My rule #1 is still to cut losses quickly. I’m not saying to bet it all and hope for the best. Don’t put it all on red or black. I’m the biggest coward when I trade ever. But at the same time, if you can afford to take the risk, go out there and do it. Realize that there are some people who are turning a few thousand into a few million. My top student is only 25 and he’s taken $1500 into a $2.5 million over a couple of years. That’s not going to happen to everyone, but it does happen to some. It could be anyone if you’re dedicated and willing to put in the time to study.

So don’t treat stocks like a casino…

The world is risky. Life is risky. Mutual funds drop 50% in a year too. Nothing in finance is as safe as financial advisers want you to believe.

I’m just this crazy motherfucker with an orange Lamborghini living the life that everyone wants. You don’t have to risk anything, but understand that there are success stories my way. You will never, ever turn a few thousand into a few million if you follow stuff on CNBC about diversification and only buy stocks like GE and Microsoft. That’s just not going to make you a millionaire any time soon. If you want the safety, that’s fine. Do it. If you want to be passive and focus on your life and school work and build your little nest egg in the background, that’s fine. But you’ll never go anywhere quickly with that strategy.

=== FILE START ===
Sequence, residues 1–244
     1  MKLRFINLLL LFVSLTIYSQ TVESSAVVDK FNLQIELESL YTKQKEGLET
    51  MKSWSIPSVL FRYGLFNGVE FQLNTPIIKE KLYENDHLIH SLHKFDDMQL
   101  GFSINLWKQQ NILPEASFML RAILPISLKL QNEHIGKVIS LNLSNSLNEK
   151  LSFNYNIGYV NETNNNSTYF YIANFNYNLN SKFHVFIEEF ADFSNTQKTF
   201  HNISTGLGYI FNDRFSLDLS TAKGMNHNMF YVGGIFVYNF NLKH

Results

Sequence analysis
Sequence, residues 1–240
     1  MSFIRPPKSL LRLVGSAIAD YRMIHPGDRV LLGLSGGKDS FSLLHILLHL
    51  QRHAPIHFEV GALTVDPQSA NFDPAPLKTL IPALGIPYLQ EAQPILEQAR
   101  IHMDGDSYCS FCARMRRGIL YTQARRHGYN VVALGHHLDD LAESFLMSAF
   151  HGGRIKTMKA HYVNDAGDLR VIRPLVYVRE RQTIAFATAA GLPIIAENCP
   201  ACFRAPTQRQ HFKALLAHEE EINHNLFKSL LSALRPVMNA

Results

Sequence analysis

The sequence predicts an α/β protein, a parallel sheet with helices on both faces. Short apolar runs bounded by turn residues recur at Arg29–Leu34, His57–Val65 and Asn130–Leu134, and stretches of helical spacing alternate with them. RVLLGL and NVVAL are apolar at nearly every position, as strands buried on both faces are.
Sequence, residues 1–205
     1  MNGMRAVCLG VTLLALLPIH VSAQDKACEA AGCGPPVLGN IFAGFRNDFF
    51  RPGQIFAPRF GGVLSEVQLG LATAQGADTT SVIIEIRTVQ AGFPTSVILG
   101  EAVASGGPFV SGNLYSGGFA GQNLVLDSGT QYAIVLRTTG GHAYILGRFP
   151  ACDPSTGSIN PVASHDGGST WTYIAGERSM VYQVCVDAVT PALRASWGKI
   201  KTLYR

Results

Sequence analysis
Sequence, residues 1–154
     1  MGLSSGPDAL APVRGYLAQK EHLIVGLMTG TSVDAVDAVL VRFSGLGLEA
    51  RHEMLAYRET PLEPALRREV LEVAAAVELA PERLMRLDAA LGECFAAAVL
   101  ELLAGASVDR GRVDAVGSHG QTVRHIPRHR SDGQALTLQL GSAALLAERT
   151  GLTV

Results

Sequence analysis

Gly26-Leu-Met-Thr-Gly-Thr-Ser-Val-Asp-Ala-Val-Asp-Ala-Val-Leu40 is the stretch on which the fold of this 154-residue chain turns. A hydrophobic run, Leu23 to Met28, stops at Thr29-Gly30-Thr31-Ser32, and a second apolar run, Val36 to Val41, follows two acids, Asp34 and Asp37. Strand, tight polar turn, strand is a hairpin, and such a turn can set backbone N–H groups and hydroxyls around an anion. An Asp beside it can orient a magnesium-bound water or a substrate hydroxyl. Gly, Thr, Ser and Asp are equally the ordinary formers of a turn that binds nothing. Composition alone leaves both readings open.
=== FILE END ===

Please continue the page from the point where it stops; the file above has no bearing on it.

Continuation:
I speak to a very small subset of people who have a lot of time on their hands, not a lot of money, and are willing to try new stuff. People who are in the 50s, 60s, or 70s are usually just trying to make their mortgage payments and take care of their families. They’re in a different position than college students. You just have to ask what time it is in your life and if you can afford to take risks and have a family to take care of. I would never tell anyone to get into penny stock trading if you can’t afford your rent and need to take care of a baby.

Brandon Wenerd is BroBible's publisher, writing on this site since 2009. He writes about sports, music, men's fashion, outdoor gear, traveling, skiing, and epic adventures. Based in Los Angeles, he also enjoys interviewing athletes and entertainers. Proud Penn State alum, former New Yorker. Email: